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<<back forward>> -- News and information about meteor showers, solar flares, auroras, and near-Earth asteroids
Current conditions
Solar wind
speed: 501.2 km/sec
density: 3.6 protons/cm3
explanation | more data
Updated: Today at 2244 UT
X-ray Solar Flares
6-hr max: A0
2245 UT May29
24-hr: A0
1250 UT May29
explanation | more data
Updated: Today at: 2245 UT
Daily Sun: 29 May 08
The sun is blank--no sunspots. Credit: SOHO/MDI
Sunspot number: 0
What is the sunspot number?
Updated 28 May 2008
Far side of the Sun:
This holographic image reveals no large sunspots on the far side of the sun. Image credit: SOHO/MDI
Planetary K-index
Now: Kp= 2 quiet
24-hr max: Kp= 3
explanation | more data
Current Auroral Oval:
Switch to: Europe, USA, New Zealand, Antarctica
What is the auroral oval?
Interplanetary Mag. Field
Btotal: 3.1 nT
Bz: 1.4 nT south
explanation | more data
Updated: Today at 2246 UT
Coronal Holes:
Earth is now entering a solar wind stream flowing from the indicated coronal hole. Credit: SOHO Extreme UV Telescope
NOAA Forecasts
Updated at: 2008 May 29 2203 UTC
0-24 hr
24-48 hr
01 %
01 %
01 %
01 %
Geomagnetic Storms:
Probabilities for significant disturbances in Earth's magnetic field are given for three activity levels: active, minor storm, severe storm
Updated at: 2008 May 29 2203 UTC
0-24 hr
24-48 hr
15 %
15 %
05 %
05 %
01 %
01 %
High latitudes
0-24 hr
24-48 hr
30 %
25 %
10 %
05 %
05 %
05 %
What's up in Space
May 29, 2008
FLYBY ALERT! Space shuttle Discovery launches on May 31st. Get your flyby alerts from Space Weather PHONE  

CARTWHEEL CME: Imagine a billion-ton cloud of gas launching itself off the surface of the sun and then ... doing a cartwheel. That's exactly what happened on April 9, 2008, when a coronal mass ejection or "CME" pirouetted over the sun's limb in full view of an international fleet of spacecraft. The cartwheel set off a chain of events that amazed even veteran solar physicists: full story.

CARTWHEEL #2: On May 22nd, NASA's STEREO-A spacecraft photographed another cartwheel CME even more dramatic than the one on April 9th. The movie is a must-see.

LOOK OUT BELOW! In the 50+ year history of the Space Age, no spacecraft from Earth has ever photographed another spacecraft landing on an alien planet--until last Sunday. High above Mars, the powerful HiRISE camera onboard NASA's Mars Reconnaissance Orbiter watched Phoenix parachuting safely to its landing site in the martian arctic:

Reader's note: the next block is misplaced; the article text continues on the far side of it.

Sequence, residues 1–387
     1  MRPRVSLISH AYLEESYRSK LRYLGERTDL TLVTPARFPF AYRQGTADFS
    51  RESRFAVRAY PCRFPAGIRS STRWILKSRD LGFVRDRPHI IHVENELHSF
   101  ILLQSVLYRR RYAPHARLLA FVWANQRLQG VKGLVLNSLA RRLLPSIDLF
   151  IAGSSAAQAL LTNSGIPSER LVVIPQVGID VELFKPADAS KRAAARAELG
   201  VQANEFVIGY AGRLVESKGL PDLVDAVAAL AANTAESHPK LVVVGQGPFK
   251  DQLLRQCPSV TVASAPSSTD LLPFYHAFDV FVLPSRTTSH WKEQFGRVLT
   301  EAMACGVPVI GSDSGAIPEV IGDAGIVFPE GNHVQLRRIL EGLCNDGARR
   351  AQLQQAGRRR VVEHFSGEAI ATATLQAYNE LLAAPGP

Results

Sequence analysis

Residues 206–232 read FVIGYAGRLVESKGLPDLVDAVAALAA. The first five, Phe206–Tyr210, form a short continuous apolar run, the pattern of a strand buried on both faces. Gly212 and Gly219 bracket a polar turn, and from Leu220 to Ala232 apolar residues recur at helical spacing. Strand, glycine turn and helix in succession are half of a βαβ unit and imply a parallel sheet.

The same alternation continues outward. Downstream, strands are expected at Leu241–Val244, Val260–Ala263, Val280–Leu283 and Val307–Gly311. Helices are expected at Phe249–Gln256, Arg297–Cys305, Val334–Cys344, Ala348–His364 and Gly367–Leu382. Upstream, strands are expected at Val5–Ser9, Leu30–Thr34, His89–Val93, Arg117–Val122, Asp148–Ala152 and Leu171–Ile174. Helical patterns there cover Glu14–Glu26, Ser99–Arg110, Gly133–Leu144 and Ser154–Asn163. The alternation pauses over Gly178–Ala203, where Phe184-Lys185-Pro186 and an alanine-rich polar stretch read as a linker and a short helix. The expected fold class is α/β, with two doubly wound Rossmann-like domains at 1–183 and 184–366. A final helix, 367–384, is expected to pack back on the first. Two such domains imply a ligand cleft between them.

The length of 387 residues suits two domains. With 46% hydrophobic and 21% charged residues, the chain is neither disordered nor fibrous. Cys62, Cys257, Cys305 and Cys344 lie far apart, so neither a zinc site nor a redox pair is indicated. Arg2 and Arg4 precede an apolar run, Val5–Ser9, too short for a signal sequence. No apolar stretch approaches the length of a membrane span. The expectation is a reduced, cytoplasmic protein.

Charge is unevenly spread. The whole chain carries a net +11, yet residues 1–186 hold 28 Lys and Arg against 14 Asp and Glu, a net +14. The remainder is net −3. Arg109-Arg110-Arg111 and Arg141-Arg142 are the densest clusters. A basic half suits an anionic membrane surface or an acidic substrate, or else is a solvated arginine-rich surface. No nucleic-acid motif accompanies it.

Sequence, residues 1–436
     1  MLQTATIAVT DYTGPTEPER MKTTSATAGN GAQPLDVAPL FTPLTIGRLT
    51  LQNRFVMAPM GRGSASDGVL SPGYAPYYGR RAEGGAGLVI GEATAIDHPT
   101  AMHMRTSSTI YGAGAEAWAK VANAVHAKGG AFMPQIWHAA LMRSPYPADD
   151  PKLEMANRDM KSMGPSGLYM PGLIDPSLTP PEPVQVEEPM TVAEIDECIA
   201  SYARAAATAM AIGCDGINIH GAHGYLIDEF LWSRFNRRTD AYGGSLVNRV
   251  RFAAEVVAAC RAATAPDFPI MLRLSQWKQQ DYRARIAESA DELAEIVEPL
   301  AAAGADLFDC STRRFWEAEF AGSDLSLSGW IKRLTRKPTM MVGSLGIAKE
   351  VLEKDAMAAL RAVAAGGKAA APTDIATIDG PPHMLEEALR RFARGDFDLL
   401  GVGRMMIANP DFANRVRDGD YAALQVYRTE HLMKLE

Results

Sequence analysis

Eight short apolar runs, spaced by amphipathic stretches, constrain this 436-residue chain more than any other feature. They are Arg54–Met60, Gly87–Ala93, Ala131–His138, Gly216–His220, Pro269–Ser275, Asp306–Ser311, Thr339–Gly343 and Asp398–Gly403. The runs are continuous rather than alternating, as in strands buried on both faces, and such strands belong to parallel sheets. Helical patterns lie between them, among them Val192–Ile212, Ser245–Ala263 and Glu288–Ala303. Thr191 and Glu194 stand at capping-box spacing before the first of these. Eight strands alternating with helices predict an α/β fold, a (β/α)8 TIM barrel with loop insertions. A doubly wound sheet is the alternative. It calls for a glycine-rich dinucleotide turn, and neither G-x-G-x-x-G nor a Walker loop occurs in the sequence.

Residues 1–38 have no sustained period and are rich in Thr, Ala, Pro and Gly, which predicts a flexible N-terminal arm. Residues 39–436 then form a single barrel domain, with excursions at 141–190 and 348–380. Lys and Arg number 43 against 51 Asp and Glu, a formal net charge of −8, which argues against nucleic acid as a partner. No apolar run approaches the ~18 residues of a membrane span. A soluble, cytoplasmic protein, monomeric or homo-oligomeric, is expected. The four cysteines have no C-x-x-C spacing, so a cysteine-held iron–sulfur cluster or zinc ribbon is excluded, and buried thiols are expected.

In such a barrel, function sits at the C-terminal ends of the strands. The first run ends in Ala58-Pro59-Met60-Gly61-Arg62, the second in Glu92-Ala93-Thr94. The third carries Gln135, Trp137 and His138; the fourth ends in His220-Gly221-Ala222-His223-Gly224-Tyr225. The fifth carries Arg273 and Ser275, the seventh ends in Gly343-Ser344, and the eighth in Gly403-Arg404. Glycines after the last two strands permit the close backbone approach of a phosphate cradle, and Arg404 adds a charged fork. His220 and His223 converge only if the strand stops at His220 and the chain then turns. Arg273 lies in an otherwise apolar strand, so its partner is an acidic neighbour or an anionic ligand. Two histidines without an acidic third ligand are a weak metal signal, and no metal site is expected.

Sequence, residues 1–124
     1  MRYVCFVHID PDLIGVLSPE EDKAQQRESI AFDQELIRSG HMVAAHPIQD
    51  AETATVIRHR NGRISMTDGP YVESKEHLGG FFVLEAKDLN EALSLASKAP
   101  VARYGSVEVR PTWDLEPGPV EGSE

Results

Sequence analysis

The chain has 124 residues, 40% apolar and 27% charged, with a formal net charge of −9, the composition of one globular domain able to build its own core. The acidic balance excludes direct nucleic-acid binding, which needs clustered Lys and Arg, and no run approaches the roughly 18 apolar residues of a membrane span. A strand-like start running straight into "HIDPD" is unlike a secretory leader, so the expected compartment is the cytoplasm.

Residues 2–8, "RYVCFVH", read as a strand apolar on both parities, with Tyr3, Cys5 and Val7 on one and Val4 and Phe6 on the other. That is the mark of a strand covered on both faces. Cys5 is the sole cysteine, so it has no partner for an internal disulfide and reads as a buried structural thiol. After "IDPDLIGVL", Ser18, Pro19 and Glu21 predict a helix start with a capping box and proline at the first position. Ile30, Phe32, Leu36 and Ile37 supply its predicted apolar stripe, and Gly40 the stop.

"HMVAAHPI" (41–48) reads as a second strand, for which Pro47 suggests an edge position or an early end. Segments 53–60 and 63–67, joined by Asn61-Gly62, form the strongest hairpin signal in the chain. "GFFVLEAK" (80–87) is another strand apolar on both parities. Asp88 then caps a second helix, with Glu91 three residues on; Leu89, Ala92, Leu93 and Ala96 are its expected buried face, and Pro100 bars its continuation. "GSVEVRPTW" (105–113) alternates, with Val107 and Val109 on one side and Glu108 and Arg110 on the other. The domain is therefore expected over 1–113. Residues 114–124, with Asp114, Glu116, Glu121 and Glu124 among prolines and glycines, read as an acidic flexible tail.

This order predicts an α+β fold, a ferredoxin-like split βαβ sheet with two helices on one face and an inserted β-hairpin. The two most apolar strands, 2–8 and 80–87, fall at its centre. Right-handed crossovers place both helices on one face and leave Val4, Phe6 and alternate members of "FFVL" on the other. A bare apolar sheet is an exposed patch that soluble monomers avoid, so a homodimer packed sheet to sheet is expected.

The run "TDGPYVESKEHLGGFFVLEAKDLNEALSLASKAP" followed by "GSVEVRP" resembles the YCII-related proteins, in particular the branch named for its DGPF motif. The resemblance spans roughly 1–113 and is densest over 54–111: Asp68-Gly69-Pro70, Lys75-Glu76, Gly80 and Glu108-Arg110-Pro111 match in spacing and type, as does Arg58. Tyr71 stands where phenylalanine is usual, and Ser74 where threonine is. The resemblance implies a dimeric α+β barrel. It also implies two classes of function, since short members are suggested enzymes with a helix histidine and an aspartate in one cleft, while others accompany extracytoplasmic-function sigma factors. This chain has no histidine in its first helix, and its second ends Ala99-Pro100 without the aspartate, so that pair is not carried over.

Click to view the full panorama

Although Phoenix seems to be descending into a 10-km-wide crater named Heimdall, "that is just an optical illusion," says Alfred McEwen, HiRISE principal investigator at the University of Arizona. In fact, "the lander is 20 km in front of the crater" and in no danger of tumbling down its rocky slopes. After this photo was taken, Phoenix drifted on by and landed in a rock-free field of icy polygons--just where mission planners wanted it to go. [more photos]

LISTEN TO PHOENIX DESCEND: As Phoenix descended, the European Space Agency's Mars Express orbiter monitored the lander's radio transmissions. The eerie-sounding tones have just been beamed back to Earth and you can listen to them here.

TRICKY MOON SHADOWS: Amateur astronomer Mike Salway of Central Coast, Australia, woke up before dawn on May 25th to photograph Jupiter. The giant planet materialized in the eyepiece of his 12-inch telescope along with giant moon Ganymede and a deep, dark moon shadow just behind it on Jupiter's cloudtops. Contrary to appearances, however, the shadow did not come from Ganymede. Scroll down to find the source.

Salway's panoramic photo reveals the responsible moon: Europa.

"As Ganymede was transiting Jupiter, Europa cast a shadow apparently nearby. Meanwhile, off to the right, Io was about to be eclipsed by the much larger shadow of Jupiter itself," he says. So many moons, so many shadows! It can get a little tricky, "especially at 5 o'clock in the morning."

Yet 5 o'clock in the morning is the best time to see Jupiter. Train your telescope on the brilliant "morning star" in the constellation Sagittarius and see if you can sort things out: sky map.

May 2008 Aurora Gallery
[Aurora Alerts] [Night-sky Cameras]

Near-Earth Asteroids
Potentially Hazardous Asteroids (PHAs) are space rocks larger than approximately 100m that can come closer to Earth than 0.05 AU. None of the known PHAs is on a collision course with our planet, although astronomers are finding new ones all the time. [comment]
On May 29, 2008 there were 953 potentially hazardous asteroids.
May 2008 Earth-asteroid encounters:
Miss Distance
2008 HG
May 5
17 LD
90 m
2008 DE
May 9
17 LD
550 m
2008 HD2
May 9
6.5 LD
40 m
2008 JL24
May 10
0.4 LD
5 m
2008 HR3
May 11
3.1 LD
50 m
2008 HW1
May 14
72 LD
1.4 km
Notes: LD means "Lunar Distance." 1 LD = 384,401 km, the distance between Earth and the Moon. 1 LD also equals 0.00256 AU. MAG is the visual magnitude of the asteroid on the date of closest approach.
Essential Links
NOAA Space Weather Prediction Center
  The official U.S. government bureau for real-time monitoring of solar and geophysical events, research in solar-terrestrial physics, and forecasting solar and geophysical disturbances.
Atmospheric Optics
  The first place to look for information about sundogs, pillars, rainbows and related phenomena.
Solar and Heliospheric Observatory
  Realtime and archival images of the Sun from SOHO.
Daily Sunspot Summaries
  From the NOAA Space Environment Center
Current Solar Images
  from the National Solar Data Analysis Center
  more links...
©2008, -- This site is penned daily by Dr. Tony Phillips.
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